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Coleman: Columbus Declares War on Abdanoned Houses

Columbus Mayor Michael Coleman will deliver his seventh State of the City address this evening. In it, the mayor will propose spending $25 million over the next six years to rehabilitate or remove about 1-thousand abandoned houses around the city. Such housing, he says, drags neighborhoods down and serves as a catalyst for crime.

"First of all, I want to welcome everyone to 901 Miller Avenue "

Mayor Coleman spoke briefly on the sidewalk in front of the dilapidated, fire-damaged 93-year-old house. With the bucket of a backhoe poised just above the two-story's roof, Coleman criticized the building's negative impact. "This house has been pulling this community down for the past many months. You can see what a disgusting blight this is to this community. And we're here to do something about it," Coleman said.

A few minutes later contractor Lamont Ransom went to work. And as pieces of the house came crashing down, onlookers applauded.

Mayor Coleman held the event to introduce his Home Again initiative. He's asking the city council for $25 million over the next six years to help revitalize declining city neighborhoods. A lot of that revitalization would come from more aggressive code enforcement. But if that fails, Coleman says blighted houses would be destroyed.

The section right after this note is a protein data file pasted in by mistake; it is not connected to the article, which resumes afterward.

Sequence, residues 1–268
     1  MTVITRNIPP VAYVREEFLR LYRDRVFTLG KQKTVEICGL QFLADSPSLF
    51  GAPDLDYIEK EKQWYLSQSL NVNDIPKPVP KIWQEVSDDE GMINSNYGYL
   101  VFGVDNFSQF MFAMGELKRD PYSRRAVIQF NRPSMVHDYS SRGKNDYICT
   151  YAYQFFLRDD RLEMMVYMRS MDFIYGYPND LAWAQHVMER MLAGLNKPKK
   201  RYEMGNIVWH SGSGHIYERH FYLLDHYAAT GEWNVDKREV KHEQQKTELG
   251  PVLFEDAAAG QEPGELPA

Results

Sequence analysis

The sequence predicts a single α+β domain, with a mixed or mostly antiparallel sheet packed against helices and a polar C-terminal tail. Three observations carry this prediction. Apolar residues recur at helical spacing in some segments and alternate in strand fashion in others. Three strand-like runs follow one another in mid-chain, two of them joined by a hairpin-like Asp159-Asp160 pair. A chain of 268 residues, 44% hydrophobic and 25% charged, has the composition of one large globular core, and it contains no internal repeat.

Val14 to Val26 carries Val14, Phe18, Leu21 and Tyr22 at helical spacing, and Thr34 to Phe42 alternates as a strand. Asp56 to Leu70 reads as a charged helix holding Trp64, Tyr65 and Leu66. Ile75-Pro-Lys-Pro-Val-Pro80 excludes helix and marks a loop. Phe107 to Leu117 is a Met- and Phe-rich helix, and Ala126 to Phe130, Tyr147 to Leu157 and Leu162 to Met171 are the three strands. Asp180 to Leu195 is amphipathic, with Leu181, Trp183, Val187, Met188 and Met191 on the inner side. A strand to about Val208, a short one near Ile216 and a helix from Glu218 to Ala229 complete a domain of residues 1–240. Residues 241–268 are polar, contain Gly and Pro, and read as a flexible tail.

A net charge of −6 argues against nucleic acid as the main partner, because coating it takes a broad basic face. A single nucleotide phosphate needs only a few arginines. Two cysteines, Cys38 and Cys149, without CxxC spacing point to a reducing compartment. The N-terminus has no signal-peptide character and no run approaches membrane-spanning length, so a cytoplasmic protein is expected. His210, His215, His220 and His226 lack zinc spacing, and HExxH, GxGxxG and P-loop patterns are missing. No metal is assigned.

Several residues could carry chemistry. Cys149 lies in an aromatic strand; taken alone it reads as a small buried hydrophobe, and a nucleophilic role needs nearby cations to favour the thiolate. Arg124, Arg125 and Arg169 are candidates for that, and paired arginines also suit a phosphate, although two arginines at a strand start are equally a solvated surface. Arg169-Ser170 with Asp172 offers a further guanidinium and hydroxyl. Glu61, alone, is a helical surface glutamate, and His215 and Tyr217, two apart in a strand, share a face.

"These vacant and abandoned housing units are a catalyst for crime, they reduce property values, they are the symbol of poverty and misery in any community. And my goal is to impact 1,000 of these houses, either through fixing them up - which is the first priority - and as a last resort, demolishing them," said Coleman.

The City says there are 3200 vacant properties in Columbus. Coleman says the city has only been nibbling at the edges of the problem spending about $100,000 last year. Now he promises a full-scale attack.

City attorney Rick Pfeiffer says the house at 901 Miller was purchased several years ago for $70,000. The owner defaulted on the mortgage after a fire in 2003 and has not been heard from since. Pfeiffer says the city will get tough with irresponsible property owners.

"Where you see an abandoned house, where you see a vacant house that's destroyed, there is a failure of an individual not exercising his or her responsibilities to the citizens and to our neighbors. We intend to stop that," said Pfeiffer.

The city spent $5,000 to tear down the house on Miller Avenue. But officials say the benefits outweigh the expense. A city spokesman says a study by Fannie Mae found that houses near abandoned buildings in Philadelphia lost about $7,500 in value. Officials say derelict houses also mean increased crime. One of the neighbors watching the demolition says it was long overdue.

"My name is Monique Smith, and I think this is wonderful because this house has been standing here too long like this. I mean it's just causing more chaos to the neighborhood. You got the crack heads going in there and doing whatever. And I stay right there and I have kids and I don't I don't feel secure at night," she said.

The Driving Park Neighborhood Association's James Johnson put it this way:

"All I can say is mayor and staff, please keep up the good work because this is great!"

Sam Hendren, WOSU News.